Journal cover Journal topic
Atmospheric Measurement Techniques An interactive open-access journal of the European Geosciences Union
Journal topic

Journal metrics

Journal metrics

  • IF value: 3.400 IF 3.400
  • IF 5-year value: 3.841 IF 5-year
    3.841
  • CiteScore value: 3.71 CiteScore
    3.71
  • SNIP value: 1.472 SNIP 1.472
  • IPP value: 3.57 IPP 3.57
  • SJR value: 1.770 SJR 1.770
  • Scimago H <br class='hide-on-tablet hide-on-mobile'>index value: 70 Scimago H
    index 70
  • h5-index value: 49 h5-index 49
Volume 11, issue 3
Atmos. Meas. Tech., 11, 1549–1563, 2018
https://doi.org/10.5194/amt-11-1549-2018
© Author(s) 2018. This work is distributed under
the Creative Commons Attribution 4.0 License.
Atmos. Meas. Tech., 11, 1549–1563, 2018
https://doi.org/10.5194/amt-11-1549-2018
© Author(s) 2018. This work is distributed under
the Creative Commons Attribution 4.0 License.

Research article 20 Mar 2018

Research article | 20 Mar 2018

Long open-path measurements of greenhouse gases in air using near-infrared Fourier transform spectroscopy

David W. T. Griffith1, Denis Pöhler2, Stefan Schmitt2, Samuel Hammer2, Sanam N. Vardag2,a, and Ulrich Platt2 David W. T. Griffith et al.
  • 1Centre for Atmospheric Chemistry, University of Wollongong, Wollongong, Australia
  • 2Institute of Environmental Physics, University of Heidelberg, Heidelberg, Germany
  • anow at: Heidelberg Centre for the Environment, University of Heidelberg, Heidelberg, Germany

Abstract. In complex and urban environments, atmospheric trace gas composition is highly variable in time and space. Point measurement techniques for trace gases with in situ instruments are well established and accurate, but do not provide spatial averaging to compare against developing high-resolution atmospheric models of composition and meteorology with resolutions of the order of a kilometre. Open-path measurement techniques provide path average concentrations and spatial averaging which, if sufficiently accurate, may be better suited to assessment and interpretation with such models. Open-path Fourier transform spectroscopy (FTS) in the mid-infrared region, and differential optical absorption spectroscopy (DOAS) in the UV and visible, have been used for many years for open-path spectroscopic measurements of selected species in both clean air and in polluted environments. Near infrared instrumentation allows measurements over longer paths than mid-infrared FTS for species such as greenhouse gases which are not easily accessible to DOAS.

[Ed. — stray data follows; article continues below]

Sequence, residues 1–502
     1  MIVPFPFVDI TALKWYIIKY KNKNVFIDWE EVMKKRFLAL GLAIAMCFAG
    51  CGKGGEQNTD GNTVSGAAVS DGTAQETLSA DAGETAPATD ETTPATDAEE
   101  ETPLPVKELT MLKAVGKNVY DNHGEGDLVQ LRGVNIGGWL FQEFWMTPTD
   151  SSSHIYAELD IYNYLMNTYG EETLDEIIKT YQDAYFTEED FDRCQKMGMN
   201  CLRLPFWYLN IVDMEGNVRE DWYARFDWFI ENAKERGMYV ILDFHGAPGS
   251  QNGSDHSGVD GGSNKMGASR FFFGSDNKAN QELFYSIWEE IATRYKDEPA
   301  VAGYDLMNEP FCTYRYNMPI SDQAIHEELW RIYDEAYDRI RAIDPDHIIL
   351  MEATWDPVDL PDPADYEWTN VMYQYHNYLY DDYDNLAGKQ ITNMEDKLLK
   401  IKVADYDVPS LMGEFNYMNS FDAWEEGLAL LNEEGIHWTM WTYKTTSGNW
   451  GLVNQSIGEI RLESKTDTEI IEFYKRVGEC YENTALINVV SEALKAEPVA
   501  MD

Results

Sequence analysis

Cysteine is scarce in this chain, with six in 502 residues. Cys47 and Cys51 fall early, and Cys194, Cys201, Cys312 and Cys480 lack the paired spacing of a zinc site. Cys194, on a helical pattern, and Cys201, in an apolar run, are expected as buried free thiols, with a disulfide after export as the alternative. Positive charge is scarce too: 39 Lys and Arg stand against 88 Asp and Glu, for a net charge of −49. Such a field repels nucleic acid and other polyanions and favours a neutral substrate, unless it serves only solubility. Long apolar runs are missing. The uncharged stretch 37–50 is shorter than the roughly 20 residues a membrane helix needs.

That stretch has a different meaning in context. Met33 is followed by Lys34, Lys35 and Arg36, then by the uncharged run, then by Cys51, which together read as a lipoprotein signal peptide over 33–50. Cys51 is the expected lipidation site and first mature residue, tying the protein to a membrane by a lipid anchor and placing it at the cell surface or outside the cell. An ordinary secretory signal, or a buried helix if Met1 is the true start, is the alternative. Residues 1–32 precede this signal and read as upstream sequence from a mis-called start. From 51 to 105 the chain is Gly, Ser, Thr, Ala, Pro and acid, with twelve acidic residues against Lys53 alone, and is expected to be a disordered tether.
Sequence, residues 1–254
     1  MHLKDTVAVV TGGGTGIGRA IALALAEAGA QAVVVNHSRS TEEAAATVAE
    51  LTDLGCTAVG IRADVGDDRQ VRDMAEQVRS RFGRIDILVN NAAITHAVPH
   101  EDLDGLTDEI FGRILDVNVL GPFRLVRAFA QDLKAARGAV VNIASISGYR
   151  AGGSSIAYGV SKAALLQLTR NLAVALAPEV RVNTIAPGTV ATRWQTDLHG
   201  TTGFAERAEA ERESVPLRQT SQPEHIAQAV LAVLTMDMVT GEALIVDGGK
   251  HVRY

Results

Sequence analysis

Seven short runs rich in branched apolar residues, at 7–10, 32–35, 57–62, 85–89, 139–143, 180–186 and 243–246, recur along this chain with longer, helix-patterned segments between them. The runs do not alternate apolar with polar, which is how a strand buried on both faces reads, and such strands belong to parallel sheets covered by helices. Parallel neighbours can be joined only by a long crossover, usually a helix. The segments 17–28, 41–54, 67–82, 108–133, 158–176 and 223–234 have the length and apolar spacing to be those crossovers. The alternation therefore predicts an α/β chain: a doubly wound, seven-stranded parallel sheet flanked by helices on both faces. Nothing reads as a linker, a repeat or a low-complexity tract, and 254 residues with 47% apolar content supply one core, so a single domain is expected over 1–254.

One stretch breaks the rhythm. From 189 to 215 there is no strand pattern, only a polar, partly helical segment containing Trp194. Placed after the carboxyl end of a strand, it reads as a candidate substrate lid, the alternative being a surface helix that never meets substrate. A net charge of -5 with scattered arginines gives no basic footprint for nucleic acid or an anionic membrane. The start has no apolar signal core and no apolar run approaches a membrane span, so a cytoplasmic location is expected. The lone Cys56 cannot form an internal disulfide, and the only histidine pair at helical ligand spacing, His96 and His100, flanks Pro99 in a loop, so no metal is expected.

In this pilot study we present the first open-path near-infrared (4000–10 000 cm−1, 1.0–2.5 µm) FTS measurements of CO2, CH4, O2, H2O and HDO over a 1.5 km path in urban Heidelberg, Germany. We describe the construction of the open-path FTS system, the analysis of the collected spectra, several measures of precision and accuracy of the measurements, and the results a four-month trial measurement period in July–November 2014. The open-path measurements are compared to calibrated in situ measurements made at one end of the open path. We observe significant differences of the order of a few ppm for CO2 and a few tens of ppb for CH4 between the open-path and point measurements which are 2 to 4 times the measurement repeatability, but we cannot unequivocally assign the differences to specific local sources or sinks. We conclude that open-path FTS may provide a valuable new tool for investigations of atmospheric trace gas composition in complex, small-scale environments such as cities.

Publications Copernicus
Download
Short summary
Measurements of atmospheric trace gases over an open path complement in situ measurements by spatial averaging. This paper describes the first open-path measurements of CO2, CH4 and other trace gases by near-infrared Fourier transform spectroscopy. The measurements were made in Heidelberg, Germany, for 4 months in 2014 over a 1.5 km path and compared to in situ measurements made at one end of the path. The experiment setup and methods (and the comparisons of open path to in situ) are described.
Measurements of atmospheric trace gases over an open path complement in situ measurements by...
Citation